"I've always been a Markus Naslund fan. I know when I've played against him, he comes off that left wing like Alexander Mogilny. We were just talking about Mogilny the other day and I don't know if Markus realizes it, but he's got a lot of Mogilny in him.

He knows how to get open and he knows how to score. We've just added another great player to the group. He's going to flourish in New York."

Both Naslund and Gomez said they believe that the No. 1 line and No. 2 line designations are more artificial than fans realize.

"Coming over from the Devils, we never had a No. 1 line," Gomez said. "Well, we did for awhile with the (Jason) Arnott line, but what really mattered was winning. To win, you have to have three lines going and that fourth line is an agitating line. The No. 1 question people ask me, well, they look at me and don't think I play hockey, but then they ask if I start and I tell them hockey is a little different. Certain nights you start and some other nights you don't, depends on who you are playing and what matchups coach wants.

"Chris and I don't have the egos that need to be called No. 1. As long as we are winning, that's what counts."

Naslund looks at a forwards corps and sees right wings Nikolai Zherdev, Ryan Callahan, Dan Fritsche, Colton Orr, Petr Prucha and Fredrik Sjostrom competing for jobs. He's at the top of a list of left wings that includes Nigel Dawes, Pat Rissmiller, Aaron Voroz, Lauri Korpikoski and Tom Pyatt. Brandon Dubinsky and Blair Betts figure to center two lines.

Free agents Wade Redden and Dmitri Kalinin join veterans Michal Rozsival and Paul Mara and sophomores Dan Girardi and Marc Staal. Goalie Henrik Lundqvist is backed up by veteran Stephen Valiquette. Naslund sees a group that can contend for the Stanley Cup.


"I like the defense," Naslund said. "We have guys like Girardi and Staal coming up, young kids who are the future of the franchise. Then we added Wade Redden and Dmitri Kalinin to the veterans who were here, Paul Mara and Michal Rozsival. Then we have Henrik Lundqvist back there. It always starts with the goalie, in my mind.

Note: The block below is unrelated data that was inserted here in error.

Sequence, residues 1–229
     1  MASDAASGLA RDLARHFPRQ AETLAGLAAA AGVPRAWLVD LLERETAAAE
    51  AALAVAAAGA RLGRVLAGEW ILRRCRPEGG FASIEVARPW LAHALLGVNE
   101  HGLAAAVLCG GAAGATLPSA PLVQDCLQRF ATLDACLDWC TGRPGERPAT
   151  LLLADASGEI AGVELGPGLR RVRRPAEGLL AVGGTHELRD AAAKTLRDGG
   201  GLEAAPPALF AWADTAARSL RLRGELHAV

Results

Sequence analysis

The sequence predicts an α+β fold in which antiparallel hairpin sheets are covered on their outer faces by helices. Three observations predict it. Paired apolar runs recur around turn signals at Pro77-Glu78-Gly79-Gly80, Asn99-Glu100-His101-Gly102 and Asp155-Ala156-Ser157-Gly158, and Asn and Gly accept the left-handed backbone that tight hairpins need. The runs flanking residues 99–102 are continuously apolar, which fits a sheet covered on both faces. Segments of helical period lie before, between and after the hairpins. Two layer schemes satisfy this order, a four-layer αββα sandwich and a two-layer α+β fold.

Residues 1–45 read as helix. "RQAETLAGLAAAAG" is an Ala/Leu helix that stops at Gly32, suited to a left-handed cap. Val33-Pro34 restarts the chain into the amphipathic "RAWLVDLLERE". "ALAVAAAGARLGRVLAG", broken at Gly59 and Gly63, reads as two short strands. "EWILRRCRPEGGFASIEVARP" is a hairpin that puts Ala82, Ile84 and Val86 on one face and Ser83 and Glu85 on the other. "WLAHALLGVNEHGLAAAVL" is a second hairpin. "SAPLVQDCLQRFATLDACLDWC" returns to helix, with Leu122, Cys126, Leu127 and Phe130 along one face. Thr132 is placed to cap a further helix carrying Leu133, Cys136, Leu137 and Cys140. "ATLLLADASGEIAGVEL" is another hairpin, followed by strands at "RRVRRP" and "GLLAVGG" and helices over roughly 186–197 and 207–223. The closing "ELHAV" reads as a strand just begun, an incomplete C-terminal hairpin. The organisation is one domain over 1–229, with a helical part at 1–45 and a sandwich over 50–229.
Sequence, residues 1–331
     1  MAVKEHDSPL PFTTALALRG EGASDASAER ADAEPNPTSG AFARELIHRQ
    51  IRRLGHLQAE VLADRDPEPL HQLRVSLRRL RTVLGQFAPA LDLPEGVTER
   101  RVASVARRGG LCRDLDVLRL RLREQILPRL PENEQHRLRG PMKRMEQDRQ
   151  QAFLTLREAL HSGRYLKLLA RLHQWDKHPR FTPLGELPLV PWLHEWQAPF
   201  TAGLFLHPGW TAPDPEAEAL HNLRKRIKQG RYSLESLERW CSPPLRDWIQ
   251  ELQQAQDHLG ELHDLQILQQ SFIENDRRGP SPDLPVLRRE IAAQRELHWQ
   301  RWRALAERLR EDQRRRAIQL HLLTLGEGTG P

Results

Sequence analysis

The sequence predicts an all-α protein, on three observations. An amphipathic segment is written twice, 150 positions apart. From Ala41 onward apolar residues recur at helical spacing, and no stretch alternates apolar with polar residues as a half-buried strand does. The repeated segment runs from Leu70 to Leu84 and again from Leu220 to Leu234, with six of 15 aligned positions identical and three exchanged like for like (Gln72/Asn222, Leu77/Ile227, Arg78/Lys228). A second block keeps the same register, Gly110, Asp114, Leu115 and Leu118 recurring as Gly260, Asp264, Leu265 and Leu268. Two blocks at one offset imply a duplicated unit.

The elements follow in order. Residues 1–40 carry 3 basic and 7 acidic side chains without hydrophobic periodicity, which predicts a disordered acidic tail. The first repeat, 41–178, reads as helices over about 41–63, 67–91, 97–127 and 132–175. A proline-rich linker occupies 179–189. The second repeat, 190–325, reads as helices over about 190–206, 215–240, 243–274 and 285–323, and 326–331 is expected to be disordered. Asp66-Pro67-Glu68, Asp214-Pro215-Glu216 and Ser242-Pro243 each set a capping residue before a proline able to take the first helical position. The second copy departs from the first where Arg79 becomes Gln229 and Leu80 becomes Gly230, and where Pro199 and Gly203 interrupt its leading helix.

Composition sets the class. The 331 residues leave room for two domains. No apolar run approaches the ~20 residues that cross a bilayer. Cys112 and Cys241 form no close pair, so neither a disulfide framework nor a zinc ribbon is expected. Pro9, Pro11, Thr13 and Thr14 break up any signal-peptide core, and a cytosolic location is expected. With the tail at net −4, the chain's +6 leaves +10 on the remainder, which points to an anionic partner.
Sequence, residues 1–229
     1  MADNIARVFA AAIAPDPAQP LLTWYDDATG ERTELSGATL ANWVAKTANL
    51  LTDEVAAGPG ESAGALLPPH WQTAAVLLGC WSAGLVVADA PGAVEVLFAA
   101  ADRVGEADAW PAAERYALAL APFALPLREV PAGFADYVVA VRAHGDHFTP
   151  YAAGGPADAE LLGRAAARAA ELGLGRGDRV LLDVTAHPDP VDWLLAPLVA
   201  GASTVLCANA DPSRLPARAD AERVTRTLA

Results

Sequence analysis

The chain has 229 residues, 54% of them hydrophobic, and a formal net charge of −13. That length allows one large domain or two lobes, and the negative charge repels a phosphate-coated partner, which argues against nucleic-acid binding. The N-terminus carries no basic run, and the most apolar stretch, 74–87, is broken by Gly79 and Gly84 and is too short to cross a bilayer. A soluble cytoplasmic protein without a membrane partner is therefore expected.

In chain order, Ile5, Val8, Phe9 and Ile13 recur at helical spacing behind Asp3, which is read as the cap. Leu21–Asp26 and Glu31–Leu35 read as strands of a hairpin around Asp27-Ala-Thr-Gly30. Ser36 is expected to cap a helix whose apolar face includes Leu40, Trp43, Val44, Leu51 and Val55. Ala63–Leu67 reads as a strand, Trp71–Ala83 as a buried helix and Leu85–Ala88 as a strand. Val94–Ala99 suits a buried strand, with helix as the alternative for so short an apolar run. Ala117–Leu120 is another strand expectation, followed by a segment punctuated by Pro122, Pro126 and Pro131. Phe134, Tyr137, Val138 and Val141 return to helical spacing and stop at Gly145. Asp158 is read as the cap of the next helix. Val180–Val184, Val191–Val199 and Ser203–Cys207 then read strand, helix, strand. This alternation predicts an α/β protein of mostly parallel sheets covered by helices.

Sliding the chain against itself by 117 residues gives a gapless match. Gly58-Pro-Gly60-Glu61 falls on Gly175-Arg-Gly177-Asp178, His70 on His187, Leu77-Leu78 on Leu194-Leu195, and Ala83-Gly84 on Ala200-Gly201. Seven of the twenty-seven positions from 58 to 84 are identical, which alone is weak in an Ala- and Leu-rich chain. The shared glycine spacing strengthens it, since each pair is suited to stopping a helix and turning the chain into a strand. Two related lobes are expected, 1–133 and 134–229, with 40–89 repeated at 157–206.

"Having Henrik back there is a great advantage. I think we look strong on the back end. I haven't had a chance to watch a lot of these guys on a day-to-day basis because I've been playing on the West Coast. I know a little bit about them but I know it's a strong defensive core."

Lundqvist took many NHL watchers by surprise three years ago and proved he was no fluke with solid performances the past two seasons. While some in North America were surprised, Naslund knew his former Swedish national team member had the stuff to succeed.

"I knew about him," Naslund said. "He was part of our World Cup team that we had in 2004. I don't think he played a game for us but he was there for the training camp and the practices and you could tell that he was going to be a star goalie. He does have that confidence that all the good goalies have. They believe in themselves for the right reasons. He knows he's good and it rubs off on the team."

Naslund will be reunited with his former Canucks coach from a decade ago, Rangers coach Tom Renney. Naslund said playing for Renney is one of the reasons he wanted to join the Rangers.

"Tom is a teacher and he is a listener too," Naslund said. "I think it goes a long way when you treat people fairly. Guys who have been here for the past few years are very excited about playing for him. I had a chance to play for him for a year when he was the head coach in Vancouver.

"Anytime you look at teams, you look at how they are playing and also who is coaching. Tom being the coach here was part of my decision."